In this Book

The Ohio State University Press
buy this book Buy This Book in Print
summary
What does it mean to “know” what a work of fiction tells us? In Vergil’s Aeneid, the promise and uncertainty of fama convey this challenge. Expansive and flexible, the Latin word fama can mean “fame,” long-lasting “tradition,” and useful “news,” but also ephemeral “rumor” and disruptive “scandal.” Fama is personified as a horrifying winged goddess who reports the truth while keeping an equally tight grip on what’s distorted or made up. Fama reflects the ways talk—or epic song—may merge past and present, human and divine, things remembered and things imagined. Most importantly, fama marks the epic’s power to bring its story world into our own. The cognitive dynamics of metaphor share in this power, blending the Aeneid’s poetic authority with the imagined force of the gods. Characters and readers are encouraged—even impelled—to seek divine order amidst unsettling words and visions by linking new experiences with existing knowledge. Transformative moments of recognition set the perceptual stage both for the gods’ commands and for the epic’s persuasive efficacy, for pietas (remembrance of ritual and social obligations) and furor (madness). Antonia Syson’s sensitive close readings offer fresh insights into questions of fictive knowledge and collective memory in the Aeneid. These perspectives invite readers to reconsider some of the epistemological premises underlying inquiry into ancient cultures. Drawing comparisons with the nineteenth-century English novel, Syson highlights continuities between two narrative genres whose cultural contributions and rhetorical claims have often seemed sharply opposed.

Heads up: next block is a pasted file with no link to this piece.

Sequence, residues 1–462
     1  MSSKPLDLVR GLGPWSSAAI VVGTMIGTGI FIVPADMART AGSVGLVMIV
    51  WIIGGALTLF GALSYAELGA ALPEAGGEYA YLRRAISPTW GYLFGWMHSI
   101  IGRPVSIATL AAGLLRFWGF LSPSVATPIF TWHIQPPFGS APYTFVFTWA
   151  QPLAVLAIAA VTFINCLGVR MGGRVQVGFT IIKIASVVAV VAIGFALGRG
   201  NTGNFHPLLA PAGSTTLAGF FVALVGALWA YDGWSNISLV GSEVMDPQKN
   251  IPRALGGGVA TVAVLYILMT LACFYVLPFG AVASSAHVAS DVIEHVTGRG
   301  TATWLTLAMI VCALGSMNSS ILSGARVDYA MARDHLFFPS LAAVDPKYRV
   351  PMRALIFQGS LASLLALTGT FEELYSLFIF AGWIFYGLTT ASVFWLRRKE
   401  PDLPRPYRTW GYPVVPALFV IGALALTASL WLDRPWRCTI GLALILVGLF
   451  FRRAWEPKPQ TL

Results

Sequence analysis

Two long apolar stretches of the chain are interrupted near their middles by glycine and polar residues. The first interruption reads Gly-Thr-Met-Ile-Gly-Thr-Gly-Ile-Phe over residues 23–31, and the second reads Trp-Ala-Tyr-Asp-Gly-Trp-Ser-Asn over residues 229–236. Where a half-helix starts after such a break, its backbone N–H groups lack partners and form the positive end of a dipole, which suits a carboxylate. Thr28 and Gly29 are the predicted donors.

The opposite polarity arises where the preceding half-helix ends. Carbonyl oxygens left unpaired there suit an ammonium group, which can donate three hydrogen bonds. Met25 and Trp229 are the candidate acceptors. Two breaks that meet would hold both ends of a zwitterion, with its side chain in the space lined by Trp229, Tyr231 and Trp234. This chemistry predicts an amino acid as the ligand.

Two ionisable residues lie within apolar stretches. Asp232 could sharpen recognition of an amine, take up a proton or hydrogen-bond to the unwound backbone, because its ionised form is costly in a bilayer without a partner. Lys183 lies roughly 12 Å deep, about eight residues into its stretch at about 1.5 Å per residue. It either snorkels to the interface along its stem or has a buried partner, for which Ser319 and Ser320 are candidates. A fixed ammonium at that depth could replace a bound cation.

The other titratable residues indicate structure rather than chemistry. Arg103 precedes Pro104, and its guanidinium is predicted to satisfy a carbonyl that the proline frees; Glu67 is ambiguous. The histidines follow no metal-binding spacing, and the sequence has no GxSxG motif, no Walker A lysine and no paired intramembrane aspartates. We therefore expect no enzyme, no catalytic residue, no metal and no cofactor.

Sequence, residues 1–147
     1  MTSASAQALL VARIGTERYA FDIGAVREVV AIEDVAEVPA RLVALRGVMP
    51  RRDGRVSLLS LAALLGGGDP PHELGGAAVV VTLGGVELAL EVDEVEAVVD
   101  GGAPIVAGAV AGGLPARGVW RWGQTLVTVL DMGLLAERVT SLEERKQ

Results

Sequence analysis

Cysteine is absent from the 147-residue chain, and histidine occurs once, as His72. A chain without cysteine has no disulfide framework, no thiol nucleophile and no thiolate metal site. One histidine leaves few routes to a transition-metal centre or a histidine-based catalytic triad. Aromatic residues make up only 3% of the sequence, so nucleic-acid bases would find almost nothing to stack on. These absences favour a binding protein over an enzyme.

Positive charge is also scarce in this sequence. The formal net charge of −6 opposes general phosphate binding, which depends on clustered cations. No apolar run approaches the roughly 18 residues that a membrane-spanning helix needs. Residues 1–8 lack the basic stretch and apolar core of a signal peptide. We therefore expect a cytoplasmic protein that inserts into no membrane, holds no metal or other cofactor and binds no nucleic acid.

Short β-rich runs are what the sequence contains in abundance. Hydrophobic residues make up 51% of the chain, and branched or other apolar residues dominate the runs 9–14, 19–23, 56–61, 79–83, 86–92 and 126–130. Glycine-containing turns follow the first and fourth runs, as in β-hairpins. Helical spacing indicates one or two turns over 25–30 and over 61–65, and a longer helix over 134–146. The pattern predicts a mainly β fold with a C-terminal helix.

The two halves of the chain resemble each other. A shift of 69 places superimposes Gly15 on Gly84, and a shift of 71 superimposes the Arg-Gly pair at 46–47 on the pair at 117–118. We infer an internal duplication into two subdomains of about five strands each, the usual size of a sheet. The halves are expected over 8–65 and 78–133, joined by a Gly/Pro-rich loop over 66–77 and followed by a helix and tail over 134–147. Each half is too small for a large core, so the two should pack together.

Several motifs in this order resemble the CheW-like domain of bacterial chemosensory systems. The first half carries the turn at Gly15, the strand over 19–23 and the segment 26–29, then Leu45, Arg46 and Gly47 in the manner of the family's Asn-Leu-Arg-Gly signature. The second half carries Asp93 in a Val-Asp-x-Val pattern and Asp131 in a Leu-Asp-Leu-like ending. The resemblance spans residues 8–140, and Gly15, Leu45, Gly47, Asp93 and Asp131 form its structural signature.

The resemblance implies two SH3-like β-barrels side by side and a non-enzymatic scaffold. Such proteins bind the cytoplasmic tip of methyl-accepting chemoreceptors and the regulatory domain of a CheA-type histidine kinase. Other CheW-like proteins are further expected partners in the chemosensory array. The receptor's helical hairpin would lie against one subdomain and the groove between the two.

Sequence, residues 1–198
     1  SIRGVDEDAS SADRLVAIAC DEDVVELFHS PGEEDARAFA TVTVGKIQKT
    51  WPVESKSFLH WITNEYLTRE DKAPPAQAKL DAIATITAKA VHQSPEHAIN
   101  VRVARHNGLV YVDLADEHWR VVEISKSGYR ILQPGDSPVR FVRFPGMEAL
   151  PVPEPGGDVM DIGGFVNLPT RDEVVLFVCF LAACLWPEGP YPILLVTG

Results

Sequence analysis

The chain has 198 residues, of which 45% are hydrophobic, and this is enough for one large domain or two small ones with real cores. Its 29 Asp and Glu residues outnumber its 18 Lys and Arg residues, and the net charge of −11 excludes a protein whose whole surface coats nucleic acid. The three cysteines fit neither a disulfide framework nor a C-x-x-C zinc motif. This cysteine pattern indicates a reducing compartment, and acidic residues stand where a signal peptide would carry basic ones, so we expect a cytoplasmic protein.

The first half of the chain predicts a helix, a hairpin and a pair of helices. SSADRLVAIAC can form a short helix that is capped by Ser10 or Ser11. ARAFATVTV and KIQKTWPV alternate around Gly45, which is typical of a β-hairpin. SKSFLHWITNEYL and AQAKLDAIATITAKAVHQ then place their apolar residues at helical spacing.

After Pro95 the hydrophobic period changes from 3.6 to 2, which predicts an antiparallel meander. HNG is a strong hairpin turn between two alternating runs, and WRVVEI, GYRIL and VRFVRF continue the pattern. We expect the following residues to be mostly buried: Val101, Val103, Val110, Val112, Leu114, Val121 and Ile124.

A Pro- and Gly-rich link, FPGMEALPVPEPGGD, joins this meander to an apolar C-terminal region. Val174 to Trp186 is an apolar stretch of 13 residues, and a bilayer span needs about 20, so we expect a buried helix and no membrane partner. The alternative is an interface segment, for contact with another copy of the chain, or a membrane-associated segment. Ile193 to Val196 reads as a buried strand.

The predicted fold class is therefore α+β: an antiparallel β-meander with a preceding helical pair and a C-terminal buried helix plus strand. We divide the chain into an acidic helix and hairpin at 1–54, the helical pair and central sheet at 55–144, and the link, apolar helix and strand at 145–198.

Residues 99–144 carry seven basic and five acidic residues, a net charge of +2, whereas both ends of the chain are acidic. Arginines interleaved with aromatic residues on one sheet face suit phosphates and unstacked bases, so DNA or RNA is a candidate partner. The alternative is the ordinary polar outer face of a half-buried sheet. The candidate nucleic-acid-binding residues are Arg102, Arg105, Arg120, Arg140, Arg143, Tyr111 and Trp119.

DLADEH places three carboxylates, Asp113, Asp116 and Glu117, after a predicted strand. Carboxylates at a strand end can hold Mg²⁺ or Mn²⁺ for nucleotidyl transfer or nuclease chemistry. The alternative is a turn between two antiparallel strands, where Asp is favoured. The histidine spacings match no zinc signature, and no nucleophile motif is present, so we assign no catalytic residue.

Table of Contents

  1. Cover
  2. pp. C-C
  3. open access Download |
  1. Title Page, Copyright Page
  2. pp. i-iv
  3. open access Download |
  1. Table of Contents
  2. pp. v-vi
  3. open access Download |
  1. Acknowledgments
  2. pp. vii-viii
  3. open access Download |
  1. 1. Introduction
  2. pp. 1-43
  3. open access Download |
  1. 2. Monstrous Fama
  2. pp. 44-62
  3. open access Download |
  1. 3. Matter out of Place I: Across the Styx
  2. pp. 63-90
  3. open access Download |
  1. 4. This and That
  2. pp. 91-116
  3. open access Download |
  1. 5. Matter out of Place II: Nisus and Euryalus
  2. pp. 117-134
  3. open access Download |
  1. 6. The Order of Metamorphosis
  2. pp. 135-164
  3. open access Download |
  1. 7. Slithery Changes
  2. pp. 165-190
  3. open access Download |
  1. 8. How to Do Things with Birds
  2. pp. 191-213
  3. open access Download |
  1. Afterword: Swan Song
  2. pp. 214-218
  3. open access Download |
  1. Works Cited
  2. pp. 219-229
  3. open access Download |
  1. Index Locorum
  2. pp. 230-231
  3. open access Download |
  1. General Index
  2. pp. 232-240
  3. open access Download |
Back To Top

This website uses cookies to ensure you get the best experience on our website. Without cookies your experience may not be seamless.